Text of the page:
Maryland title agency operator indicted in $3.4 million fraud scheme – NMP Skip to main content

Maryland title agency operator indicted in $3.4 million fraud scheme

NationalMortgageProfessional.com
Jul 06, 2010

A federal grand jury has indicted Anthony V. Weis of Phoenix, Md. for wire and mail fraud in connection with a mortgage fraud scheme to defraud lenders of more than $3.4 million. The indictment was announced by United States Attorney for the District of Maryland Rod J. Rosenstein; Special Agent in Charge Richard A. McFeely of the Federal Bureau of Investigation (FBI); Special Agent in Charge Barbara Golden of the United States Secret Service-Baltimore Field Office; and Special Agent in Charge Rebecca Sparkman of the Internal Revenue Service-Criminal Investigation, Washington D.C. Field Office. The indictment seeks forfeiture of $3.4 million. According to the 16-count indictment, Weis was the president and a shareholder of Maple Leaf Title LLC, a real estate title agency located in Towson, Md. From June 2009-Oct. 17, 2009, Weis is alleged to have caused lenders to wire funding for real estate closings by fraudulently representing in settlement statements that Maple Leaf would pay off existing mortgage holders in accordance with the lenders’ disbursement instructions. Weis, however, allegedly failed to make pay offs to existing mortgage lenders and lien holders and wrongfully transferred approximately $3.4 million out of the Maple Leaf escrow account to use for his own personal benefit or the benefit of others. The indictment further alleges that the scheme was not uncovered until the property owners received late payment notices from the entity holding the mortgage or lien on the property. These delinquency notices often took several months before the seller was alerted. The time delay allowed Weis to replenish the escrow account with proceeds from new real estate settlements. Weis also allegedly maintained multiple escrow accounts to prevent discovery by auditors of improper disbursements of escrow funds. Weis faces a maximum sentence of 30 years in prison followed by five years of supervised release and a fine of $1 million on each of the 16 fraud counts. His initial appearance has not yet been scheduled. The Maryland Mortgage Fraud Task Force was established to unify the agencies that regulate and investigate mortgage fraud and promote the early detection, identification, prevention, and prosecution of mortgage fraud schemes. This case, as well as other cases brought by members of the Task Force, demonstrates the commitment of law enforcement agencies to protect consumers from fraud and promote the integrity of the credit markets.  For more information, visit www.justice.gov.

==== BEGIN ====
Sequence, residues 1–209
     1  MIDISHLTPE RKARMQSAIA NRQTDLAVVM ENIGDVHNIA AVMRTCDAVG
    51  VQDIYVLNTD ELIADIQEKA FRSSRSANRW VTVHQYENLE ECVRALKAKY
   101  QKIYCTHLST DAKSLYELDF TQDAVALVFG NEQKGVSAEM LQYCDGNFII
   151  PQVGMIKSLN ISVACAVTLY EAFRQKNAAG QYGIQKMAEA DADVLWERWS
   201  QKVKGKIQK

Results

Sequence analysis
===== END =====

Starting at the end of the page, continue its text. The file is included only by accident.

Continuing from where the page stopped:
Published
Jul 06, 2010
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